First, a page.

A Djembe is a skin-covered goblet drum from West Africa, whose body is made from a carved-out tree trunk.
The tension of the rawhide, the striking position, as well as the striking technique are all important influences concerning the sound.

The djembe has not only the possibility of nice round bass strokes as it also readily goes to the high end of the spectrum, enabling rather melodic rhythms and beats.

The right techniques make it possible to create much finer nuances as light finger-tapping, trills, accentuation, and double strokes boost the sound range of the djembe quite beyond your average „bass“ and „slap.“ 

The left and right hand will, as you play, be alternately striking the rawhide and the arms will form a sort of dance through the flow of these movements.


The lute guitar had its famous outbreak in 20th century Germany as the folklore instrument became known and loved in communities such as those of musicians. The guitar lute has partly because of this gained the title of Germany’s national instrument.

Roughly speaking is the only difference from a modern concert guitar in the build and thus measurements. This causes the sound of the guitar lute to be brimmed with overtones which gives it an almost song-like character.

A round body made from several wood shavings is the norm and more often than not, are intricate are there intricate rosettes decorating the sound hole. It is through the different styles of these rosettes frequently possible to derive from where and in which era the lute originates.


This goblet- or chalice drum has a long tradition in the Arabic countries that reaches back into the 13th century. It has later found its way to the western culture and has since become a popular instrument in today’s world music. 

Originally made of clay, the Darbuka of the modern day is constructed out of metal with animal rawhides such as goat or fish, though nowadays synthetic materials are often seen used as skin for the drum. 

There are often either geometrical or floral patterns decorating the body and intarsia of ivory or tortoise shells can be seen on traditional instruments. 

While the darbuka is neatly tucked under one arm, all ten fingers are free to play as they go from bass strokes to high accentuations with agility, giving the darbuka a lively rhythm.


The history of the chromatic nyckelharpa goes all the way back to the „moraharpa“ in the 13th century, though the modern instrument as we know it was developed in the early years of the 20th century.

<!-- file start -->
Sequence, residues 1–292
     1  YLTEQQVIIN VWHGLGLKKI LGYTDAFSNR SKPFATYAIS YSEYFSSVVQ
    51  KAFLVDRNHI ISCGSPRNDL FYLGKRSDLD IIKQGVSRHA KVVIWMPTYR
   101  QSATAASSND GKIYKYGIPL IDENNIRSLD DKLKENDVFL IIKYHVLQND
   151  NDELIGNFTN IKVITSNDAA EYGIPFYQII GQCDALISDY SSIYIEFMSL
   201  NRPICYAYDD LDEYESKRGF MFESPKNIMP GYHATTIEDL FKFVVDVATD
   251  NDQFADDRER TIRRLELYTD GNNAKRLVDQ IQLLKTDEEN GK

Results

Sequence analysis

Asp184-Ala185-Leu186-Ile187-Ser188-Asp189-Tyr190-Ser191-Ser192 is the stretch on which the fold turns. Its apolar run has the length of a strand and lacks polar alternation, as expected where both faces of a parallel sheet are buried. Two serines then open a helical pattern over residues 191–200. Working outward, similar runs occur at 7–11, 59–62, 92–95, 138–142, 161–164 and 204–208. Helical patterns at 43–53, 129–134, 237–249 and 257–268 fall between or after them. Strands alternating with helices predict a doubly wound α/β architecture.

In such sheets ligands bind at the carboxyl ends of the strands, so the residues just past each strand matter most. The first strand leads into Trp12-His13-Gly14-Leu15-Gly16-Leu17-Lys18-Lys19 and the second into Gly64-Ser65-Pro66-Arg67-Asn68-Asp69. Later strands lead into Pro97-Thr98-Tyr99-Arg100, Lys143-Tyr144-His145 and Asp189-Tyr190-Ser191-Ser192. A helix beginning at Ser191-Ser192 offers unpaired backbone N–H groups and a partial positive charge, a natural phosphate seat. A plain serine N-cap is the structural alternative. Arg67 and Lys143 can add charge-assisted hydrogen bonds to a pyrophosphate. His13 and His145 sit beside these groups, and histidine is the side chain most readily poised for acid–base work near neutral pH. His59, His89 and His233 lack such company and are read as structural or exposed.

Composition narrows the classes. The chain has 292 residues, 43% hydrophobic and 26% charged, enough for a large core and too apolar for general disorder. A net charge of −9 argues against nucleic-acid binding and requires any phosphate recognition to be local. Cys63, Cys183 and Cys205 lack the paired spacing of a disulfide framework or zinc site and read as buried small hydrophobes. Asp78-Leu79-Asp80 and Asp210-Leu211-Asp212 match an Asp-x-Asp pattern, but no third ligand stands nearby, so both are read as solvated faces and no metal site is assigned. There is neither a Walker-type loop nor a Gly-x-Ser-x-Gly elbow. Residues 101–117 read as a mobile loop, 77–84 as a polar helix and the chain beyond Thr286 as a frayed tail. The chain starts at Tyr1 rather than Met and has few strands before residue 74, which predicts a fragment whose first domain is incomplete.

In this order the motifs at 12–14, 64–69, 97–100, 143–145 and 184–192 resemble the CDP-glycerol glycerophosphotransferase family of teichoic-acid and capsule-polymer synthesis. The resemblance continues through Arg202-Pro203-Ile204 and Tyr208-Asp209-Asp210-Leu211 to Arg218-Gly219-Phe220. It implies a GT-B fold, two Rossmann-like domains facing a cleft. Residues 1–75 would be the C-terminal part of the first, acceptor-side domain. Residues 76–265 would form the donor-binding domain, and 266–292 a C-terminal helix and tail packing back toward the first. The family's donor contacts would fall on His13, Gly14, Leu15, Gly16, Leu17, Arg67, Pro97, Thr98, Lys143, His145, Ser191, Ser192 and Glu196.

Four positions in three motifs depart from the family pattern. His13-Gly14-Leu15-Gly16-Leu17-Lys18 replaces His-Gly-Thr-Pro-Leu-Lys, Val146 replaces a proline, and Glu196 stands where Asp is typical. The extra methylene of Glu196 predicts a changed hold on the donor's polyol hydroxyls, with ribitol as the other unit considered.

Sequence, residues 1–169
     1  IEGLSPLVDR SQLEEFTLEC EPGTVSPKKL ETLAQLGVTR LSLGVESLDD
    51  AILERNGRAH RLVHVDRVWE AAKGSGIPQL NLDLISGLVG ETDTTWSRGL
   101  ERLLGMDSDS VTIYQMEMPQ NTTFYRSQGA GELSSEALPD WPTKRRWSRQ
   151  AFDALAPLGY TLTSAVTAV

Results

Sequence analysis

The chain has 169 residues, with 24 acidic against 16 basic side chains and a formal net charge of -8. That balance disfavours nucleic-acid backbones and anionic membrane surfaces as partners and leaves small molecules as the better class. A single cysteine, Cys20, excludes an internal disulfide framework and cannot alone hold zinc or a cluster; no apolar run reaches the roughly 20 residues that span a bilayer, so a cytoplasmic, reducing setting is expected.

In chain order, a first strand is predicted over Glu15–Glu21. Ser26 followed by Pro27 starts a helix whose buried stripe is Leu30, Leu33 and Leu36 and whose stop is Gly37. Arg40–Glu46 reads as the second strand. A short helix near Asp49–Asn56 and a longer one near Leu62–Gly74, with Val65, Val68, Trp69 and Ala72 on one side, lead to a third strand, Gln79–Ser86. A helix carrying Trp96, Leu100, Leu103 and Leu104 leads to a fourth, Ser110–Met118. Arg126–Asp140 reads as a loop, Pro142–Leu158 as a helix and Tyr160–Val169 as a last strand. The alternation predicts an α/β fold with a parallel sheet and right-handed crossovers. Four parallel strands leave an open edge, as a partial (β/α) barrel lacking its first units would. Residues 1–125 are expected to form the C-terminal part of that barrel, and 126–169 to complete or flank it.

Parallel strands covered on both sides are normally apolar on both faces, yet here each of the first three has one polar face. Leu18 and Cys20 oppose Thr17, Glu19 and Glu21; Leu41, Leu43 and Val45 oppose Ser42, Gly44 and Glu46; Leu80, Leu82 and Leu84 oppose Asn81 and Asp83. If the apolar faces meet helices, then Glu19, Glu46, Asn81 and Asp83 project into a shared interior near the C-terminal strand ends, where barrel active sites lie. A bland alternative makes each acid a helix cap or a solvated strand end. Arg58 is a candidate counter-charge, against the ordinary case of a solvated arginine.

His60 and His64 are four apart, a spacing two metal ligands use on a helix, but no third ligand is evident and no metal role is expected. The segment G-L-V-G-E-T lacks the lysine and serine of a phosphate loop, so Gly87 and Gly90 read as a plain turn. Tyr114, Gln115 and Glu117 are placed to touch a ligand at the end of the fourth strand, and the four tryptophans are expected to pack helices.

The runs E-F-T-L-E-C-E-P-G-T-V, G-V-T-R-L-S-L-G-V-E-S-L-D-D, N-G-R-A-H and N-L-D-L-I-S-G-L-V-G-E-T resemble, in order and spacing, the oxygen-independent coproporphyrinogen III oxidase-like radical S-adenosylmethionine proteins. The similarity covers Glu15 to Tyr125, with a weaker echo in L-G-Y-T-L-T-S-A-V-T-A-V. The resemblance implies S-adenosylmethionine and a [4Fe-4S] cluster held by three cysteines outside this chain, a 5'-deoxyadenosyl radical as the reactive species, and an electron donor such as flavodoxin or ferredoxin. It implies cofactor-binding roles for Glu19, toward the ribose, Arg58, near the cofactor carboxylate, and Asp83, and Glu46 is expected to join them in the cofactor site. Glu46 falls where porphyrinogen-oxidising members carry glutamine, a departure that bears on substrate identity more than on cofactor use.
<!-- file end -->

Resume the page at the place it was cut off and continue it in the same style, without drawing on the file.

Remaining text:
It belongs, along with bagpipes and hurdy gurdies, to the family of the so-called „bordun instruments“ which means that a constant note lies underneath and accompanies the played melody.

While the nyckelharpa is played with a bow, 63 keys are distributed and attached to the three melody strings. These keys can be pushed unto the string, causing a shorter part of it to vibrate which results in a higher note being played. Adding the bordun as you play is at your own discretion.

The nyckelharpa has a total of 16 strings wherefrom three are classified as melody strings, one is a bordun string, and the remaining twelve categorizes as sympathetic strings. 
Rather than being played themselves, these sympathetic strings are being put to motion through a match in frequencies that causes the notes to reverberate after the melody string itself has already stopped. This gives the nyckelharpa an echo that is occasionally mistaken for several instruments playing at the same time.


The davul – also known as dahol – is recognized everywhere in the oriental region as well as the eastern part of Europe where its roots run deep through the traditional music, above all in that of the Balkan peninsula. 

This double-headed cylindrical drum is being carried by a strap that is fastened to the body of the davul going over the left shoulder. 
A thin switch called „çubuk“ is used to strike the high-sounding skin on the left side where a more massive wooden stave – the „tokmak“ – is used for the deeper right side. 

The davul soon found its way through the music of the janissaries and the marching music of the Osman to the western militaries and orchestras where it also stood model to our well-known bass drum as the drum kit was invented. 
It is at present also likely that you will find the drum in the medieval setting as the penetrating sound of the davul has led to an increase in popularity.


The oldest and most essential instrument of all: the voice.

The practice of singing is as old as man and our voices have accompanied us through the ages, well before we even came upon the idea of building instruments, as it keeps us company to this day still.

We sing in unison or in several parts by letting the atmosphere of the music guide us to what we feel is the most captivating way of conveying our emotions and the lyrics of our songs.


We have – beside the already mentioned instruments – a small collection of different rattles that aid us conceive a special feeling in our music.

You will for example in some songs hear a shaman drum or perhaps even a signal horn…


We have – beside the already mentioned instruments – a small collection of different rattles that aid us conceive a special feeling in our music.

You will for example in some songs hear a shaman drum or perhaps even a signal horn…